The Long View 2004-08-30: Victory, Law-and-Order, Peace

The rosy picture of human conflict John reported in this post from 2004, called Pinkerization after Steven Pinker's book The Better Angels of Our Nature: Why Violence Has Declined, no longer looks so good. As late as 2008, the data from the Uppsala Conflict Data Program looked much the same as it did in 2004, but in 2017 things are looking considerably worse.

Number of Conflicts 

Number of Conflicts 

Number of Deaths

Number of Deaths

Neither of the graphs above would be discernable if the axis extended back to WWII. Compared to that, everything else is just noise. Hopefully, that trend will continue.

Victory, Law-and-Order, Peace

Over the weekend, PBS broadcast the classic political film, The Candidate. Though it premiered in 1972, it has aged remarkably well. The scary thing, in fact, is that one or two of the journalists who are mentioned in the film are still in business.

The movie is about a young, liberal Californian public interest lawyer named Bill McKay (played by Robert Redford), who is prevailed upon by a political consultant to run for the U.S. Senate. His Republican opponent is a pompous old incumbent named Crocker Jarmon (played by Don Porter). McKay, though the son of a former governor, has no political ambitions. However, he is energized to run when he goes to a Jarmon rally and hears his reactionary program: welfare reform; the accommodation of environmental regulation to the needs of economic growth; pro-life; reflexive patriotism.

I saw The Candidate when it first came out, and like everyone else, I liked it then. Like most people at the time, I also hummed along with McKay's politics. What is shocking after all these years is how completely Jarmon's ideas have become the dynamic ones. Today, a candidate as young as McKay, and sporting the same kind of golden-helmet haircut, would almost certainly be delivering Jarmon's stump speech.

* * *

Speaking of dynamic ideas, The New York Times Magazine yesterday tried to offer the Republican Party a few, in an article entitled How to Reinvent the G.O.P. The piece was by David Brooks, a Republican but a social liberal, whom the Times keeps as a columnist so the paper can pretend it has an ideologically inclusive editorial page.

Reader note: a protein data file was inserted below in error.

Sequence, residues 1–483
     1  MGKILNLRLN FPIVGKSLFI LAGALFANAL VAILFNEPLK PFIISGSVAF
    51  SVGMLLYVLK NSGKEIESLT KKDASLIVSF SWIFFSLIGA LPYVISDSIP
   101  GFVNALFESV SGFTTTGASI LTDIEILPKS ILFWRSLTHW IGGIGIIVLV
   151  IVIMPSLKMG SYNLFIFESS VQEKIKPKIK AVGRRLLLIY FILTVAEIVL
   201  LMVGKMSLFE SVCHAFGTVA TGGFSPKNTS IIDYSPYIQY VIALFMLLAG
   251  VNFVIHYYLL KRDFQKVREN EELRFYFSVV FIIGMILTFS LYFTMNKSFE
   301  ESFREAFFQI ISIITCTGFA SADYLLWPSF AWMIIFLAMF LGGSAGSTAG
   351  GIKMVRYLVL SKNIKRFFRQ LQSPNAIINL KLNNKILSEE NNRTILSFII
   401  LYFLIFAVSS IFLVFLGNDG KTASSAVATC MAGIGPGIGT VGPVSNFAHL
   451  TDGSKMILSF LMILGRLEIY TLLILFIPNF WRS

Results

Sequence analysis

The article deals with the same problem that Ralph Reed grappled with in his 1996 memoir, Active Faith: the Republican Party came to power as an opposition coalition that had few concrete ideas about governing. Even in the mid-1990s, it was absurd to for Congress to be run by a party with only negative ideas about domestic governance and no ideas at all about foreign affairs. Today, of course, it's lunacy. Fortunately, Brooks tells us:

[Some Republicans are] at least trying to come up with a governing philosophy that applies to the times. [They understand] the paradox that if you don't have a positive vision of government, you won't be able to limit the growth of government.

Chief among these is George Bush himself, whose platform in 2000 did in fact contain proposals in addition to tax cuts. Brooks, and the folks at the Weekly Standard, want to push the Republican agenda in the direction of what, before 911, they called "National Greatness," but which now they call Hamiltonian Progressive Conservatism. The argument for this is backed up by a retelling of American history that highlights the economic and social policies of Abraham Lincoln and Theodore Roosevelt.

This is good enough, as far as it goes, but there is a solid nugget of dissimulation in Brooks's outline for an entitlements policy that could ensure that the Republicans never become a real majority party: